“Big ticket” items, however, make or break your case. Based on official statistics from the US DOS for immigrant visas, the biggest hurdle for applicants is walking to the interview unprepared with documents (75% of denials), not answering questions clearly, or having enough income from the Affidavit of Support.

So be sure you cross your t’s and dot your i’s in paperwork. Gather everything on the checklist. Make sure you’re prepared as best as you can.

To say it in another way: I’ve never heard of anyone getting rejected for a visa because they didn’t use the perfect shade of green for their cover letter. But I do hear on a daily basis of people being rejected for not completing their paperwork.

shop around for legal help (if you want it)

Lesson # 5 — Shop around for legal help (if you want it)

Another surprising fact: not all lawyers know about immigration. In fact, “immigration lawyers” are actually a subset of lawyers who specialize in immigration. Interestingly though, there’s no official process to become one and anyone can claim the title. So what really sets one apart from the other? The good from the bad?

It’s all about their experience.

Each legal expert has developed his or her own understanding based on their unique experience, observations and more. In practice, you may consult with two experts on the same issue and get completely different answers. That’s normal.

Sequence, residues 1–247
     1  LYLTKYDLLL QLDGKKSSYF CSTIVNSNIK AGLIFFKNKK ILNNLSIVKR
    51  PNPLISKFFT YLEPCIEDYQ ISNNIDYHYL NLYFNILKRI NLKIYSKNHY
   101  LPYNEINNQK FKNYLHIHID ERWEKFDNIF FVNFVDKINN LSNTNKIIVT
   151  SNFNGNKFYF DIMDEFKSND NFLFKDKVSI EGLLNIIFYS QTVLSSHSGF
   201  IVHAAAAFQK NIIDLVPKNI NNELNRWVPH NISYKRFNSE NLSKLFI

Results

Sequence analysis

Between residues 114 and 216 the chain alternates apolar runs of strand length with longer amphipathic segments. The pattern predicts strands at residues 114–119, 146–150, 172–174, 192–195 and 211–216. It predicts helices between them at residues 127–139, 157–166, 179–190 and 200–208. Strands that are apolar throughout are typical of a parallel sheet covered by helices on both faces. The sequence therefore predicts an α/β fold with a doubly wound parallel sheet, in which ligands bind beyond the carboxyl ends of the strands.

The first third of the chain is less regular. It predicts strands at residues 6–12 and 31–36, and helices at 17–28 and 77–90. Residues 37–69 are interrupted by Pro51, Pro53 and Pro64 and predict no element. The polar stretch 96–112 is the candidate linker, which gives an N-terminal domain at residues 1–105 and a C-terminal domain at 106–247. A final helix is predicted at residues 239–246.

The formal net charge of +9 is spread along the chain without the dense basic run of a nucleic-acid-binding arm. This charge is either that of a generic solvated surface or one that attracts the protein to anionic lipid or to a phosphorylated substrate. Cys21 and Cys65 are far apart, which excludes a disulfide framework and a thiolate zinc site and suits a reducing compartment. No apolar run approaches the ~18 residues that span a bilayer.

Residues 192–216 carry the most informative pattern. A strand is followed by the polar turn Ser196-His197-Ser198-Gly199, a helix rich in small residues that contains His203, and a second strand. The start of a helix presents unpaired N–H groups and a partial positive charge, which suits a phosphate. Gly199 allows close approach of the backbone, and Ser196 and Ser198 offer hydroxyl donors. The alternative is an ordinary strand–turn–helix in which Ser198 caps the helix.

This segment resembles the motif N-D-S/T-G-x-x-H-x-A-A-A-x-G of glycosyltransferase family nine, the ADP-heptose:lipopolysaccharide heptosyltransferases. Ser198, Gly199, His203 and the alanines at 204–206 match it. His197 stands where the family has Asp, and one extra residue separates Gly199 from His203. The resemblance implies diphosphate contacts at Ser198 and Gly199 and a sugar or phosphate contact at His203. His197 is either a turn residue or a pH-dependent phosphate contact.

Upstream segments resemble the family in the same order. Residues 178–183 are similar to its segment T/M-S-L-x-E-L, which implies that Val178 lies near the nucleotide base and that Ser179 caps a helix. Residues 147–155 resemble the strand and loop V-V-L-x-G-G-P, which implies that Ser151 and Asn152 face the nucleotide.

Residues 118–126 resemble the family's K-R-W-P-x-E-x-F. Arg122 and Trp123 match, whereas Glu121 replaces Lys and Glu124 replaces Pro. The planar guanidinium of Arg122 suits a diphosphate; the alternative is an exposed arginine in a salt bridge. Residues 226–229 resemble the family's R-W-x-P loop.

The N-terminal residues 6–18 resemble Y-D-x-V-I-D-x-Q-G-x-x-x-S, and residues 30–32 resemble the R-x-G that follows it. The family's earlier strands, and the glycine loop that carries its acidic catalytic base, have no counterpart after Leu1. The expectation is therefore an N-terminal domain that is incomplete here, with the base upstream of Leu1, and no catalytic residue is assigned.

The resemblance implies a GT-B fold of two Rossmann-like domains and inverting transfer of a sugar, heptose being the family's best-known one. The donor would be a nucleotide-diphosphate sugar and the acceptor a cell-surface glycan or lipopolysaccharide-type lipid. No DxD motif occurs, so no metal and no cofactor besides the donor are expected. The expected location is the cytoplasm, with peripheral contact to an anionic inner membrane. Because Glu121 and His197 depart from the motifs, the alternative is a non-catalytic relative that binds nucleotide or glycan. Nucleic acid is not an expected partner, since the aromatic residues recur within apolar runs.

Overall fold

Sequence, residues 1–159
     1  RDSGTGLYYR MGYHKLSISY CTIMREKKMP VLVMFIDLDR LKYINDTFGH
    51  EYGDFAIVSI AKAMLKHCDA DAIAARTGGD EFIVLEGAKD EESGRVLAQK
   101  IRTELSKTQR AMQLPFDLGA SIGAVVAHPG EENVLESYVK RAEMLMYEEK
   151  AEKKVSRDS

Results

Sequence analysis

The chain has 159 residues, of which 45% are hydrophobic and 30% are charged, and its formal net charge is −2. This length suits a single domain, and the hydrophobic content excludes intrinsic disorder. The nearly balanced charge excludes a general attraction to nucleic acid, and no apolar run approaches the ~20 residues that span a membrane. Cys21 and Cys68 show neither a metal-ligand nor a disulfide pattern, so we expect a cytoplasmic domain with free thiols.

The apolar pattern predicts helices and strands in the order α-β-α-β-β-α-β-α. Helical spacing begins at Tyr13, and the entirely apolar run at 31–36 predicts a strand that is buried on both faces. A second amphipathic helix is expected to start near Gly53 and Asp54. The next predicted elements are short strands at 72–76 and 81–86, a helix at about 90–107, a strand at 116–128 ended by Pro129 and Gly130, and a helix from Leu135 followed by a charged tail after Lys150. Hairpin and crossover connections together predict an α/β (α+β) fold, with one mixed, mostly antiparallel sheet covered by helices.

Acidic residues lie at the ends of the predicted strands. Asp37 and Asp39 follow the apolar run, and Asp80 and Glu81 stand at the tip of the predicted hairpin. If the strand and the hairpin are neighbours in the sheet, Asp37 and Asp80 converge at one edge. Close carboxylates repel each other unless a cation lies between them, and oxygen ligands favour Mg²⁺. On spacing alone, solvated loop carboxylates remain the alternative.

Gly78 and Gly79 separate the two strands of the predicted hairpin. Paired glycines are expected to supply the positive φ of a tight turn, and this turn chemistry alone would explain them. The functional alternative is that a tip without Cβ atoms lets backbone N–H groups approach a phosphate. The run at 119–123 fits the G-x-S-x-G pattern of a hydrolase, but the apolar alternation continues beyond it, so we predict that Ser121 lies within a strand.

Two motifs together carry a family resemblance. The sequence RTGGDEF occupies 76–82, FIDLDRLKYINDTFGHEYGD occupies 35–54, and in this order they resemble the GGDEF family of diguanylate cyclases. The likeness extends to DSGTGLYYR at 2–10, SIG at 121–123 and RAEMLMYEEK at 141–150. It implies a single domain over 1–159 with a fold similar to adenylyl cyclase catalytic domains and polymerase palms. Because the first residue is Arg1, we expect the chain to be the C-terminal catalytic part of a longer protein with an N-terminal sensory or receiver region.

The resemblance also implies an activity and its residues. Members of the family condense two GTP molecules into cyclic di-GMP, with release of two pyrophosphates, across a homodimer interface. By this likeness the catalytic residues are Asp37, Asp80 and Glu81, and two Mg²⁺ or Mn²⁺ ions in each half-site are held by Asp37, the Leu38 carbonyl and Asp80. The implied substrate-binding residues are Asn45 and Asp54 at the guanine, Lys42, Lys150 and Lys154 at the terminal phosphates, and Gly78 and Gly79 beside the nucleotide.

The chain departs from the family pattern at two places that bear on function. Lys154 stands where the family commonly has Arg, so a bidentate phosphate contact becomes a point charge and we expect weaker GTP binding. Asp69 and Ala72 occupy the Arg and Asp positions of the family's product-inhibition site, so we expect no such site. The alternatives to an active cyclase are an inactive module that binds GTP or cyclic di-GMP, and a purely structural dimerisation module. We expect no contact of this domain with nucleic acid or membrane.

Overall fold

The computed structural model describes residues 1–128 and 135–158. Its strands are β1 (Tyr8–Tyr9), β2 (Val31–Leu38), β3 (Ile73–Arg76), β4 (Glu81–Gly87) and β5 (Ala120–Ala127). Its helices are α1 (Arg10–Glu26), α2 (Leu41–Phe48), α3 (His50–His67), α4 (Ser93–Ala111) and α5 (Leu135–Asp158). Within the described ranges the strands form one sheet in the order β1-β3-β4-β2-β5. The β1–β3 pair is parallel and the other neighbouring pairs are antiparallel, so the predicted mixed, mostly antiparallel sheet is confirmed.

If you choose to hire a legal expert, be sure that you hire an experienced one who has actually worked in immigration. Do they specialize in your particular visa, category, or procedure? Have they dealt with similar cases? What’s their success rate?

Secondly, you have to decide if you really need legal help to begin with. Most immigration procedures are manageable by average people on their own with a bit of research. However, for tough cases with criminal history or past immigration violations, for example, it’s best to work with an expert.

We need “certainty” (even if the future is uncertain)

As was clear from the survey responses, people find comfort if their future is predictable.

The surprising twist though, is that people also find comfort if they know they haven’t done anything wrong and everyone else feels the same stress. For example, once I tell immigrants that thousands of others are in the same exact situation and uncertain of when they’ll be approved, the listener is instantly relieved. It takes weight off their shoulders to hear that things are supposed to be confusing, long, and messy.

And if they remember key principles, it will help ease their stress. Remember:

  • Do your research
  • Have patience
  • Don’t expect clear, direct answers
  • Focus on big items
  • Shop for legal help, if necessary

The way YOU accept your journey makes the difference between success and failure. It helps you get a grip on what’s happening. It makes the process clearer. It helps make “sense” of things and make your already-frustrating process a bit bearable.



Prem Kumar

Prem blogs about the Fiance Visa process, helping tens of thousands of applicants, reunite with the long-distance partners.